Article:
Covid-19: Corby 'worried' about staying in lockdown

By Jo Black & Pete Cooper
BBC News

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image captionCovid-19 rates have been falling in Corby but more slowly than other parts of England

For the last month Corby in Northamptonshire has had one of the highest Covid-19 rates in England. So how do people there feel about the easing of restrictions and what do they think is behind their persistently high rates?

'Corby has to be cautious'

image captionCorby's strong manufacturing economy means Covid-19 rates have not fallen as fast, says Shelaine Crabtree

Shelaine Crabtree, who runs the Hungry Hossee Cafe in Corby, says she is worried about the high rates in the town.

"We don't want to come of this lockdown too soon and go back into another one.

"Potentially this could be a little bit longer than we thought if we want to do it safely," she says.

When she heard the furlough scheme had been extended to September, she felt it indicated some restrictions could return, despite Boris Johnson saying the route out of lockdown was "irreversible".

But could Corby could come out of lockdown slower than the rest of the country?

"Corby has to be cautious with everything that is happening.

"Anything is possible," she says.

'Everybody needs to toe the line'

image captionCorby's town centre director, Dan Pickard, says businesses do not want to be in lockdown longer than necessary

Dan Pickard, town centre director for Corby, says most people in the town are sticking to the rules.

"But with anything like this, there are always going to be those doubters and people who aren't going to toe the line."

Some 35% of the shops in the town centre are independent retailers, he says.

"They're Corby people, it's their businesses, their livelihoods, that are at stake."

Dan says he has been "dragging people into high streets and town centres to keep them vibrant" for 30 years.

"It breaks my heart to see all these shops locked."

The government has said all shops can reopen no earlier than 12 April, which Dan says gives Corby some time to get the rates down.

"There is a chance we can pull this back if everybody toes the line. We're desperate to get back to normal."

Covid-19 rates in Corby

image captionCorby has had one of the highest weekly Covid-19 rates for the past month

According to the latest figures, the infection rate in the week to 28 February in Corby, Northamptonshire, was the second-highest case rate for any district in England with 188.3 cases per 100,000 people.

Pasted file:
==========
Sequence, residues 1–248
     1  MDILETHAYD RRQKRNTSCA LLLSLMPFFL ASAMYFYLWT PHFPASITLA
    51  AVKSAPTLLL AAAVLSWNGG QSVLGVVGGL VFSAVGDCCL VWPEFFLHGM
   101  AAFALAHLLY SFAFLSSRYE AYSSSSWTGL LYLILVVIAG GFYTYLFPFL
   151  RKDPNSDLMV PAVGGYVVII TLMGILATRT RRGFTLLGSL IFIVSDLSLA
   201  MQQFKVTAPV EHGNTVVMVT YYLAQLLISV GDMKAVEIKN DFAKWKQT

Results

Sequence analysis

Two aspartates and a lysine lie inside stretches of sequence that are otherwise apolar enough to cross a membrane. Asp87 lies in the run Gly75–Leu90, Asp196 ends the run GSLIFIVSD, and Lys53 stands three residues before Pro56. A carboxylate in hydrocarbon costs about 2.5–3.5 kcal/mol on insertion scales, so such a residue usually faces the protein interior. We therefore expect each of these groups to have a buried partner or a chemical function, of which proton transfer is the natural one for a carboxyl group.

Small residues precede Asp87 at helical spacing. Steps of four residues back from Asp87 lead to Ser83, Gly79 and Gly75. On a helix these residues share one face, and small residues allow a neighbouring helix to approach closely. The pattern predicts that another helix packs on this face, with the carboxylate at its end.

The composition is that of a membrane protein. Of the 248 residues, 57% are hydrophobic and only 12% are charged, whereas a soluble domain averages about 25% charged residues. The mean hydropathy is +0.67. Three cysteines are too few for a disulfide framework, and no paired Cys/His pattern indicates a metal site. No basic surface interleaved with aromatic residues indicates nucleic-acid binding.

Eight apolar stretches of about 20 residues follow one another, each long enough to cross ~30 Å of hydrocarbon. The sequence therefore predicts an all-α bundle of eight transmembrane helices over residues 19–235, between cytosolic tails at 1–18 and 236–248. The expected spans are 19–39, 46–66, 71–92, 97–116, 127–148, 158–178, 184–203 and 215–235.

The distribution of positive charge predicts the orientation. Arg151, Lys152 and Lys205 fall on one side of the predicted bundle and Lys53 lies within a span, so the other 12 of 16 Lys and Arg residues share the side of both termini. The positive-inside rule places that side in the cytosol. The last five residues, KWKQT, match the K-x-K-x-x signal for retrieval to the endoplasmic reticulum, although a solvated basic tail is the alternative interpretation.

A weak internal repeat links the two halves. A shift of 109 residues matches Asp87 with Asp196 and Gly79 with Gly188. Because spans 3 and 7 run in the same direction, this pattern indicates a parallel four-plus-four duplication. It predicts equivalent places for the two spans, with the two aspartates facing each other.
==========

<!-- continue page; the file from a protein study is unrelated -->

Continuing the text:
But this represented a 46% week-on-week drop in case rates.

The England-wide average in the same period was around half of Corby's with 96.9 cases per 100,00 people.

'We went from lowest to highest'

image captionThe amount of food processing and distribution in Corby has contributed to high rates, says Gloria Ellenton

Gloria Ellenton runs a catering company and says the last 12 months have been "horrendous" for the business.

"We've been rebooking events and then cancelling, thankfully clients have rebooked for the summer and hopefully it will go ahead.

"We've built up reserves so I have survived, so I count myself very lucky I can carry on."

Gloria is also co-chairman of Corby Business Group and says Corby is a "victim of its own success".

"There's plenty of work and people are brought in from all over the area so there is mixing all the time.

"Everyone seems to be working, so there is bound to more infection."

She says "everybody's worried" about the prospect of Corby staying under restrictions longer than other parts of the country.

"It's strange, we went from the lowest in the country to the highest and that's worrying for the council and local people."

'Painfully slow progress'

image captionNorthamptonshire director of public health Lucy Wightman says the high rates in Corby are "frustrating"

Lucy Wightman, director of public health for Northamptonshire, says Corby seems to "take one step forward, then take two steps backwards".

She says the chance of some kind of restrictions remaining for Corby while they lift in other places is a "real risk".

"We've got this one last push to get back on top of our rates to ensure we don't get left behind when lockdown does actually start to be lifted.

"It's a real concern. This isn't an empty threat."

The government says the whole country will come out of lockdown at the same time, but easing restrictions was about "data not dates".

"The data for Corby is not good. Although we are making progress, it is painfully slow," she says.

"This is a marathon for Corby. It's not a sprint."

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